I have arrived (in-breath) I am home (out-breath) In the here (in) And in the now (out) (repeat all four lines)
I am solid (in) I am free (out) (repeat two lines) In the ultimate I dwell (in) In the Pure Land I dwell (out) (repeat two lines)
You will be able to sit, stand, or walk at ease. You can calm yourself, you can smile at the chaos around you, and you will be able to continue what you are doing in a focused mindful way. Then, when you find your mind going off in another direction, pull another gatha from your gatha storehouse.
If you do a lot of walking meditation, either slow or fast (for exercise), you will note the built-in rhythm of walking and the gatha adapts well to any kind of walking. For example, with fast walking, my rhythm is four steps to each stanza:
In (in breath, four steps) Out (out breath, four steps) Deep (in, four steps) Slow (out, four steps) Calm (in, four steps) Ease (out, four steps) Smile (in, four steps) Release (out, four steps) Present moment (in, four steps) Wonderful moment (out, four steps)
Or, with slow walking use one step per line. For me, fast walking is a very mindful practice and I try to do it in the present moment, enjoying the blue sky, the flowers, the insects, the birds, and my faster breathing.
A gatha is a poem, a song (see A Basket of Plums), and a guided meditation. They are the same and used in different situations. For example, with “Breathing In, Breathing Out,” I sing or chant it to myself as I walk, as I drive, as I work in my garden. The rhythm of walking, weightlifting, and working adapts well to the stanzas.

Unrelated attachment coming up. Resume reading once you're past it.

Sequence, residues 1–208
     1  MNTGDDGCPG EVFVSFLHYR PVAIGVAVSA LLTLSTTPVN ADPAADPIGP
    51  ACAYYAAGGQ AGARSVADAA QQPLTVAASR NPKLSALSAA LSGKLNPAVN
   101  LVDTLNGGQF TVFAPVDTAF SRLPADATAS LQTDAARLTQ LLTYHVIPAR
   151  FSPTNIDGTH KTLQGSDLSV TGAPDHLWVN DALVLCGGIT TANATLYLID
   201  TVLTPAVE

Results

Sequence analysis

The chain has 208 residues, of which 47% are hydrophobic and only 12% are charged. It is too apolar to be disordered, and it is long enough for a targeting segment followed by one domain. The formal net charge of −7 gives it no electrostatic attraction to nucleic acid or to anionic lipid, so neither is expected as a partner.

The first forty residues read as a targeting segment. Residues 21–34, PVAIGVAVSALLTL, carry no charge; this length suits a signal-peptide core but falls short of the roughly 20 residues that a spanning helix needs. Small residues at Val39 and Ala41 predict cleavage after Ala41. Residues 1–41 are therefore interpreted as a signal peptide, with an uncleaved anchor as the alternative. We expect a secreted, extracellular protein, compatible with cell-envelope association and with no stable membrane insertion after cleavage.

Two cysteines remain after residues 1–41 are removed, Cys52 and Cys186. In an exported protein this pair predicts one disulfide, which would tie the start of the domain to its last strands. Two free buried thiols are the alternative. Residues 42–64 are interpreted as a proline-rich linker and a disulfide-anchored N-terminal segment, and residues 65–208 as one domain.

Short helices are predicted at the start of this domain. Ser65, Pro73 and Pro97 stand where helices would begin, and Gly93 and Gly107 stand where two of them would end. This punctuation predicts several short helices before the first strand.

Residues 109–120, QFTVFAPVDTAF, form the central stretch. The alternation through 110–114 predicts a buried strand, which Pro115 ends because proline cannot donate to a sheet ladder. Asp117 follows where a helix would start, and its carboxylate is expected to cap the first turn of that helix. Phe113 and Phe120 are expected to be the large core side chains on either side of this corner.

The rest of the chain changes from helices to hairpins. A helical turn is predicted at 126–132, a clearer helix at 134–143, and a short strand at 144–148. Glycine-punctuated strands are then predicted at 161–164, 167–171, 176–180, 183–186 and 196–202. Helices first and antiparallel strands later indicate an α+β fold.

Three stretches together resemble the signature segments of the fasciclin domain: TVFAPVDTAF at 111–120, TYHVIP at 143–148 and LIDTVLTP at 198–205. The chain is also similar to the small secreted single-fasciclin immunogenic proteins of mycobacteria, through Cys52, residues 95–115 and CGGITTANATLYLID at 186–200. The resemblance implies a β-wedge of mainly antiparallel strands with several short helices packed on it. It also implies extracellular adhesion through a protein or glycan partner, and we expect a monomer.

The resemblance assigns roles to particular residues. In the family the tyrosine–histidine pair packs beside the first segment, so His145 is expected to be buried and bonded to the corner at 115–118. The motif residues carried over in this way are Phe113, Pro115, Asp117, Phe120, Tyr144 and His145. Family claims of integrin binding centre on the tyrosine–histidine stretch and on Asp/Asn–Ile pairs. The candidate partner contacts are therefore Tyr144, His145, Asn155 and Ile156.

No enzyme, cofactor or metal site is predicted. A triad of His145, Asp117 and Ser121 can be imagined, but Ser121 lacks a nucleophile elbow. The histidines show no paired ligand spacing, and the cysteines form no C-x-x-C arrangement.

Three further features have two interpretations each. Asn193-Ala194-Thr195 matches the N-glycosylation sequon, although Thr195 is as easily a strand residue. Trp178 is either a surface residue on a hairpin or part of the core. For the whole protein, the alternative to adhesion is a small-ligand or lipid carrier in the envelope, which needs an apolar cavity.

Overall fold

A Gatha to Cool the Flames
How often anger creeps into my mind! What a pernicious little seed it is, suddenly sprouting at the slightest provocation. We need to recognize and embrace our anger. When anger arises, stop — do nothing. Let the flames cool. Use a gatha to come back to yourself. Smile at your anger.
Angry in the ultimate dimension I close my eyes and look deeply. Three hundred years from now where will you be and where will I be?
Finally, we can take existing gathas and adapt them to our individual situations – change some words, add your own lines. And, as Thay instructs us, write your own gathas. Encourage your children to write gathas. Ask your sangha to write and share gathas.
Sitting by the Garlic
For example, gardening is a major part of my life, a true meditation, a place to dwell happily in the present moment, a practice of non-self, impermanence, and interbeing:
Walking in my garden I touch the present moment. I am the flower. I am the cloud. I am the butterfly. I hold some compost in my hand And touch the essence of the Buddha.